T. brucei has 11 CRKs (CRK1-4 and CRK6-12) most of which seem to have evolved substantial parasite-specific features [32]. In addition, 10 cyclins (CYC2-11) have been identified in T. brucei, though very little is known about their pairings to CRKs except for CRK 3, which interacts with CYC2 and CYC6 [33], [34]. Trypanosomatid CRKs are phylogenetically related to CDKs from various organisms, but most of them have insertions or other modifications in their primary structure, suggestive of potential novel mechanisms of regulation of activity [32]. Two of the three CRKs (i.e. CRK 1 and CRK 3), identified as potential targets for SCYX-5070 in this work, have been implicated as key regulators of G1/S and G2/M checkpoint [35]. These observations involving RNAi knockdowns show a complete block of cell growth or total G2/M arrest only when knockdown of CRK 3 was paired with that of another CRK (i.e. CRK 1, 2, 4 or 6). It is conceivable that inhibition of multiple CRKs by SCYX-5070 is required for maximal suppression of T. brucei growth or survival in vivo. Chemical validation of CRK3 in Leishmania spp. was demonstrated by screening of a chemical library against a recombinant L. donovani CRK 3. The work identified 2,6,9-trisubstituted purines, including the C-2-alkynylated purines, the indirubins, the paullones and derivatives of the non-specific kinase inhibitor staurosporine as some of the key hits [36]. Unfortunately, these compounds lacked selectivity for parasite versus mammalian CDKs and could not be exploited any further.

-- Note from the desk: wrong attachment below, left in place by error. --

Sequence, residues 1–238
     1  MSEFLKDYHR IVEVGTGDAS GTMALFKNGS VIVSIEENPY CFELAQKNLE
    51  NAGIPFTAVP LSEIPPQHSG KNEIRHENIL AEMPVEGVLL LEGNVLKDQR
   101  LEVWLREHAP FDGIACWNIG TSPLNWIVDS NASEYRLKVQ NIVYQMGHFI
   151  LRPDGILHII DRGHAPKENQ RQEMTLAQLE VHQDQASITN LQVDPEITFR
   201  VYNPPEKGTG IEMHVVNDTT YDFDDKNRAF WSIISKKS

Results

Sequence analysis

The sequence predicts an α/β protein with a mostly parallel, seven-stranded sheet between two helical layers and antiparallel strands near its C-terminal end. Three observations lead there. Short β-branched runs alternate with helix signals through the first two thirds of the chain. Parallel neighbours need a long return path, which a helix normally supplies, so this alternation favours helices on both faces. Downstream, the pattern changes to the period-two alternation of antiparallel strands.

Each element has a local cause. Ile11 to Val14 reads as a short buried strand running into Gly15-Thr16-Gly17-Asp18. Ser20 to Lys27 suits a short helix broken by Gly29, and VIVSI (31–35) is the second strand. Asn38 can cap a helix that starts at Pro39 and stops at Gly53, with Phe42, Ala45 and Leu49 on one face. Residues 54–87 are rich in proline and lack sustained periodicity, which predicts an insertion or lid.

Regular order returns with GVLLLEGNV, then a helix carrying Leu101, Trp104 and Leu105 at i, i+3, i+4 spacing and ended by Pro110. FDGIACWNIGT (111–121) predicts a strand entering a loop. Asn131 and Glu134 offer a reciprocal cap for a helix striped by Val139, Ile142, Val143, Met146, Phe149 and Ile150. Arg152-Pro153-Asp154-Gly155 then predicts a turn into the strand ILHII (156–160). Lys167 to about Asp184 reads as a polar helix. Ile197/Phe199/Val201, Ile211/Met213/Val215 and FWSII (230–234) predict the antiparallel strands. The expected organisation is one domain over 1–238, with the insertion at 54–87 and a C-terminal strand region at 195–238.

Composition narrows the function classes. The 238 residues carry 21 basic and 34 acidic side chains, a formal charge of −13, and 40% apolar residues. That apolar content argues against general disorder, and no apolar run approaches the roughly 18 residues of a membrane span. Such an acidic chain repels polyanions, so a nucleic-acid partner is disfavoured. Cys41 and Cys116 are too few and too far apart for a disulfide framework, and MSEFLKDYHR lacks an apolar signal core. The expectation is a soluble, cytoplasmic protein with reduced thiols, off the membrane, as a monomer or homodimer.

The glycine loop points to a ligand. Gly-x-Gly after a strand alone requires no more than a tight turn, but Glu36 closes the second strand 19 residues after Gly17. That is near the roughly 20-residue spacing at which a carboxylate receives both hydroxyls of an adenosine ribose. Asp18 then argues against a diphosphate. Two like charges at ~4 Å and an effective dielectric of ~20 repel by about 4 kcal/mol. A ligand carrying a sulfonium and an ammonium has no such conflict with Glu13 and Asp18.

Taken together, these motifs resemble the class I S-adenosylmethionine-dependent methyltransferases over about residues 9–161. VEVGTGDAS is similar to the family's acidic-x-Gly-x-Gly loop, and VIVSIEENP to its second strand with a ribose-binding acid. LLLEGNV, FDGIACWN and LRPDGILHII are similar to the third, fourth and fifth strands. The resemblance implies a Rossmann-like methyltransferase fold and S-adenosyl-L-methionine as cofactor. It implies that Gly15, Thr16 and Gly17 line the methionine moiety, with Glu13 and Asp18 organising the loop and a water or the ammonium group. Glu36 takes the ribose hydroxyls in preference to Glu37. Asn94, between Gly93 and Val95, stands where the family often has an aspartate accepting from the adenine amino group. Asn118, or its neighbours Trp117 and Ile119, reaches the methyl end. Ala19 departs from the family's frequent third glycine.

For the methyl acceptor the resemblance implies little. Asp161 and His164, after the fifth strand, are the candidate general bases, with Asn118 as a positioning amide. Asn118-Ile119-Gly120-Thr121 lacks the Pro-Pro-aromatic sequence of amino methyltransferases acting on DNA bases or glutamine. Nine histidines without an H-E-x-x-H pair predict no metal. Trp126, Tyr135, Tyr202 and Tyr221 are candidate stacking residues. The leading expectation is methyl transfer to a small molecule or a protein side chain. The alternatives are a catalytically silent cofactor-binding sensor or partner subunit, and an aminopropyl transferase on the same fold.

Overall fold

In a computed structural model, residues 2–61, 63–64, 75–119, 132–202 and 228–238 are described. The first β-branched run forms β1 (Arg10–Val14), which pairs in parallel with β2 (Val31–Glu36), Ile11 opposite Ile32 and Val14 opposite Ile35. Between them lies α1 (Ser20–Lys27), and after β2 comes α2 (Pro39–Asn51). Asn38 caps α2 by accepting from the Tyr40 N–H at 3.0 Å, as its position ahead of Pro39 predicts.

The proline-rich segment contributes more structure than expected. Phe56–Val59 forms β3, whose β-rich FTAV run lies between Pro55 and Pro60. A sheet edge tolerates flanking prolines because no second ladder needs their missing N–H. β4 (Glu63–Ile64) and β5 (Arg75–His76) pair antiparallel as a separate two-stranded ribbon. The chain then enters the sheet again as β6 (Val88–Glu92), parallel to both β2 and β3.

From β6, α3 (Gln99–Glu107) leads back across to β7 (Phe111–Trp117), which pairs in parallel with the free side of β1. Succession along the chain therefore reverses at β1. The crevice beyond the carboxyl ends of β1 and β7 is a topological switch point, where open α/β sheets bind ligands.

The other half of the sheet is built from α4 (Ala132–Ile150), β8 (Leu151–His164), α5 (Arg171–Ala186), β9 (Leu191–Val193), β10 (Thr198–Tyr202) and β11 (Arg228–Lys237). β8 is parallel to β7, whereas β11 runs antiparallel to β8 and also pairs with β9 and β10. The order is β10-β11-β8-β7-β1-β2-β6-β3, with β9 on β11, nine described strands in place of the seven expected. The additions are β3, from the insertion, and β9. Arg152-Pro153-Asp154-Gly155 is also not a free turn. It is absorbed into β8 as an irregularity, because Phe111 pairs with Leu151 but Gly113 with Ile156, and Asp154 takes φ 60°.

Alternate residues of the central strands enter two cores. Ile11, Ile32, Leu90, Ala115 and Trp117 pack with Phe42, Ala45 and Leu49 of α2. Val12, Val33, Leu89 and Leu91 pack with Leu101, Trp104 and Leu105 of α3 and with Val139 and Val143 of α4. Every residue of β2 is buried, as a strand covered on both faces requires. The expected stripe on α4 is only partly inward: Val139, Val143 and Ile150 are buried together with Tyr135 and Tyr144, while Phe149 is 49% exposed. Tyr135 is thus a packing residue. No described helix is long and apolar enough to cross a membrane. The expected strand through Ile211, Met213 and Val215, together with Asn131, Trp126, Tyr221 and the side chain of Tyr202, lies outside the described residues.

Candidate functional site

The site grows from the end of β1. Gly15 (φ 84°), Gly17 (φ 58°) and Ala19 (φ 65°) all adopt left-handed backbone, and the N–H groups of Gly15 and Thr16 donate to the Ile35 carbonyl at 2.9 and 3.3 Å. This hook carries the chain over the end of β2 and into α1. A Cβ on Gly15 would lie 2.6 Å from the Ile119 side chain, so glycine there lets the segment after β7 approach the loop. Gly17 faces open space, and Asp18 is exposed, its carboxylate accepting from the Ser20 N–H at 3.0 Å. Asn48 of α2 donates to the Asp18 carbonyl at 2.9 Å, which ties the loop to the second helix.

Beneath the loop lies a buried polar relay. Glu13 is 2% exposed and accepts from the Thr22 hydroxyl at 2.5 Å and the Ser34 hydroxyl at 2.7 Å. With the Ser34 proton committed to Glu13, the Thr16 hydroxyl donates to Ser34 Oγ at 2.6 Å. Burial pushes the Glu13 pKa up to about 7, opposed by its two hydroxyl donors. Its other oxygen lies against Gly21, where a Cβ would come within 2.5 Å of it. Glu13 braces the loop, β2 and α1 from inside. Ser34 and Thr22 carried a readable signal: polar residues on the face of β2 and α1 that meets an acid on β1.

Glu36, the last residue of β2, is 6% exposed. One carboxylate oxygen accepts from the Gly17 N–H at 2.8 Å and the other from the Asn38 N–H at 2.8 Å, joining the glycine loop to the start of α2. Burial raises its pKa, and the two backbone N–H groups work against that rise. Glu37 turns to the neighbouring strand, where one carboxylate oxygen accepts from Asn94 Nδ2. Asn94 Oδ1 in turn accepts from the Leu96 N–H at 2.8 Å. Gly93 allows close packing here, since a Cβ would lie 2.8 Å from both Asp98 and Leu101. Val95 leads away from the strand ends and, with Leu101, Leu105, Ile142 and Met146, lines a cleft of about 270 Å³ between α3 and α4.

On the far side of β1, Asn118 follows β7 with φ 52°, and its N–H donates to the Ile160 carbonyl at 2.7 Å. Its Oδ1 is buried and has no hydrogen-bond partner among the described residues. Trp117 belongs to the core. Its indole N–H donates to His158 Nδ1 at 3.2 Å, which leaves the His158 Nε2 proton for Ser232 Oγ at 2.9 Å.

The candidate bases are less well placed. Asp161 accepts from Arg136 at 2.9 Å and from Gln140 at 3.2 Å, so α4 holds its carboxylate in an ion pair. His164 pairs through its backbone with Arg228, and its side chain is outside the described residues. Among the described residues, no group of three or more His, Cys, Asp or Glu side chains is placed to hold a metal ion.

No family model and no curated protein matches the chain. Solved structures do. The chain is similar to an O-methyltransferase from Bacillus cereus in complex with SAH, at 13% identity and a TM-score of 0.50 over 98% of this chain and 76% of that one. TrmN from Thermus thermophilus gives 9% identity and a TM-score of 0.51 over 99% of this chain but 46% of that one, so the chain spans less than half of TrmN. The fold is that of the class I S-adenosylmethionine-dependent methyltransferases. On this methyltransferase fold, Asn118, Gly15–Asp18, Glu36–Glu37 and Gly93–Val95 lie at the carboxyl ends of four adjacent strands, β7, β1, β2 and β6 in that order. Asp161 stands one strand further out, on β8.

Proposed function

In summary, we have showed the activity of 2,4-diaminopyrimidines (SCYX-5070) against T. brucei growth in vitro. These compounds also display robust activity in animal models of acute HAT. We have used a proteomics approach to demonstrate MAPKs and CRKs as potential targets mediating the mechanism of action of SCYX-5070 and related compounds against trypanosomatid protozoa. The effectiveness of 2,4-diaminopyrimidines as anti-trypanosome agents in vitro and in vivo provide a potential good starting point for the development of a much needed safe and effective new treatment for sleeping sickness.